Putin: Kim Jong-il Told Me in Early 2000s North Korea Had an Atomic Bomb

by PATRICK GOODENOUGH October 5, 2017

Russian President Vladimir Putin in a surprise admission Wednesday said that in the early 2000s, then-North Korean leader Kim Jong-il told him personally that his regime had an atomic bomb.

Putin, speaking at an energy efficiency forum in Moscow, raised the issue while arguing that decades of sanctions against Pyongyang had proven counterproductive and ineffective in curbing its nuclear and missile ambitions.

In doing so, he indirectly accused the United States of provoking North Korea - by targeting its banks - into withdrawing from previous agreements and accelerating its nuclear program, to the point where it now possesses a hydrogen bomb.

"In 2001, when I was on my way to pay a visit to Japan, I made a stop in North Korea, where I had a meeting with the father of the country's current leader [Kim Jong-un]," Putin said, according to a Tass news agency translation.

"It was back then when he told me that they had a nuclear bomb," he continued.

 

"When was that? In 2001! It is 2017 already, the country has been living under permanent sanctions, and instead of a nuclear bomb they have now a hydrogen bomb," Putin said.

He said "someone" later decided to block North Korean bank accounts, because it was felt Pyongyang was not doing enough to meet its obligations in previous agreements to curb its nuclear and missile programs.

"What was the reason for provoking them? They immediately withdrew from all agreements and began developing their nuclear program," Putin said. "Now we have what we have."

Wrong year

In recalling his meeting with Kim, Putin got the date wrong. He in fact paid the visit to Pyongyang - the first by a Russian leader - in July 2000, en route to a G8 summit in Japan.

The date is significant, because whereas President Bush was in office in 2001, Putin's July 2000 visit came during the last year of the Clinton administration.

Furthermore, one month to the day before Kim's admission, on June 19, 2000, President Clinton had relaxed a range of sanctions on Pyongyang, including removing prohibitions on personal and commercial financial transactions.

One day after ostensibly hearing the atomic bomb claim by the North Korean dictator, Putin sat down in Okinawa with Clinton and other G8 leaders.

Presumably he did not relay the information to Clinton, whose administration at the time was focused on getting North Korea to maintain a moratorium on ballistic missile launches which it had agreed to in 1999.

The nuclear threat, meanwhile, was thought to have been defanged by Clinton's 1994 Agreed Framework deal, under which Kim agreed to mothball a plutonium-based nuclear reactor and to admit U.N. inspectors to monitor the freeze, in return for alternative energy supplies, including U.S. heavy fuel shipments.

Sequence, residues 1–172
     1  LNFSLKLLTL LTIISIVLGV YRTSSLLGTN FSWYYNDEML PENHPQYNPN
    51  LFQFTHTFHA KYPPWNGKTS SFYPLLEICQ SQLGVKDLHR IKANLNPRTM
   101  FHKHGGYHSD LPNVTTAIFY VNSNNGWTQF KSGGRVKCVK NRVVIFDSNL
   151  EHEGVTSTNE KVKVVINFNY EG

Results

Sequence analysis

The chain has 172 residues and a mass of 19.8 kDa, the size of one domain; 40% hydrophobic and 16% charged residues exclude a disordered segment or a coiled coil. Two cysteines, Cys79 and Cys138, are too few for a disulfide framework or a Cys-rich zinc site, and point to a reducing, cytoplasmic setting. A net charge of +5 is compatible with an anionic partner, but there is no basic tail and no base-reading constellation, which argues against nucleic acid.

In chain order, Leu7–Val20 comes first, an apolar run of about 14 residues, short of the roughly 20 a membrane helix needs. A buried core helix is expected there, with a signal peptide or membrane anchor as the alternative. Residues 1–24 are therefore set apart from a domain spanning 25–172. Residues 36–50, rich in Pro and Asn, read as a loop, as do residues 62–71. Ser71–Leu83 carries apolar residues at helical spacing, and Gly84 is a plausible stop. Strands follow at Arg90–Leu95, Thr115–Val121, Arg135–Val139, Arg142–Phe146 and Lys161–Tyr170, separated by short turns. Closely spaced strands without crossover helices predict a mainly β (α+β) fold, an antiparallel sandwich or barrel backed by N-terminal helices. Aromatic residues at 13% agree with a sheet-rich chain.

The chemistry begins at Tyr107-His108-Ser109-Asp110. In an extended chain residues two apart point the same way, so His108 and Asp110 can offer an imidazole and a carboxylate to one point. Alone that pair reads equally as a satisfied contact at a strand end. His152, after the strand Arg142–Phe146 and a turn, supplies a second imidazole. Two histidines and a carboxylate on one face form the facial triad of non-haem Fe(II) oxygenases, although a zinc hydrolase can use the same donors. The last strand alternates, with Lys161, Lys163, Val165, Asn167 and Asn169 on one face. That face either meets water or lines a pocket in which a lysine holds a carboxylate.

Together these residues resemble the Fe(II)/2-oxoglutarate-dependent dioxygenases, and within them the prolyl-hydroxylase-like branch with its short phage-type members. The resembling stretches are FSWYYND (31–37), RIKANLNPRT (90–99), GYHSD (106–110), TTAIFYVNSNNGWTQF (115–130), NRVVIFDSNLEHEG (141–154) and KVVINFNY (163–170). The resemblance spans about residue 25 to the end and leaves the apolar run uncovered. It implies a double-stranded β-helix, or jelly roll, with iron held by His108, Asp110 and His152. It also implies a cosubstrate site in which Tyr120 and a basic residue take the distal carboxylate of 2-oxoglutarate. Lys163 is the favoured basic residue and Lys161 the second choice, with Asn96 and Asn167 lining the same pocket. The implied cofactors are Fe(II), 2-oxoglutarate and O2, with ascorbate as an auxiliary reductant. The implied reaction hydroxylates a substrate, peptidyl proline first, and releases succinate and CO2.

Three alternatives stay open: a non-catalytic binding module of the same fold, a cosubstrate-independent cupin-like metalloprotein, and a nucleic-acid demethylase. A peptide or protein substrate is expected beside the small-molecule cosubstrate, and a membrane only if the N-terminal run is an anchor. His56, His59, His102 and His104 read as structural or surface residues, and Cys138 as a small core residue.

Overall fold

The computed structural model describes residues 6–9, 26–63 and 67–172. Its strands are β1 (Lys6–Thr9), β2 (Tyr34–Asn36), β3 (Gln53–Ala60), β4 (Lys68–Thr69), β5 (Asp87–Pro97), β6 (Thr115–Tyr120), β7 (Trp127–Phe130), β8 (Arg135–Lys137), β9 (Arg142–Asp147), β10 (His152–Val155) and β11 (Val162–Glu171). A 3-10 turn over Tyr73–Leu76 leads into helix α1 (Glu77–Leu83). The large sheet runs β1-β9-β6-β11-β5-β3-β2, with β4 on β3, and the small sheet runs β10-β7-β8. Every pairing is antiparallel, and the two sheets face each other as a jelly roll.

Just months after Kim's reported atomic bomb admission to Putin, Clinton sent then-Secretary of State Madeleine Albright on a historic visit to Pyongyang. Accompanying her, Albright's counsellor Wendy Sherman later described Kim as "smart, capable and supremely confident" and "not a lunatic."

The Bush administration later learned North Korea had been cheating on the Agreed Framework by carrying out covert uranium-enrichment activity. The illicit activity had been taking place for a number of years, in other words, before Bush took office.

After the Bush State Department in October 2002 confronted the North Koreans with evidence of the violations, the deal began to falter. The U.S. suspended the fuel shipments, Kim expelled the inspectors, resumed activities at the reactor and reprocessing plant, and withdrew from the nuclear Non-Proliferation Treaty.

Four years later he carried out the regime's first nuclear test.

While Putin suggested the U.S. imposition of sanctions on North Korea had been a provocation that prompted the regime to withdraw from agreements and advance its nuclear program, it was self-evidently the discovery in 2002 that it was cheating on the Agreed Framework that led to the accord's unraveling.

Commenting on the current crisis, Putin said Wednesday that while a military strike aimed at disarming North Korea was possible, it was not guaranteed of success, since no-one knows with 100 percent certainty where its nuclear facilities may be hidden.

He also urged all sides to tone down the rhetoric, and to "find ways for face-to-face dialogue between the United States and North Korea, as well as between North Korea and countries in the region."

Courtesy of CNSNews.com 

Patrick covered government and politics in South Africa and the Middle East before joining CNSNews.com in 1999. Since then he has launched foreign bureaus for CNSNews.com in Jerusalem, London and the Pacific Rim. From October 2006 to July 2007, Patrick served as Managing Editor at the organization's world headquarters in Alexandria, Va. Now back in the Pacific Rim, as International Editor he reports on politics, international relations, security, terrorism, ethics and religion, and oversees reporting by CNSNews.com's roster of international stringers.


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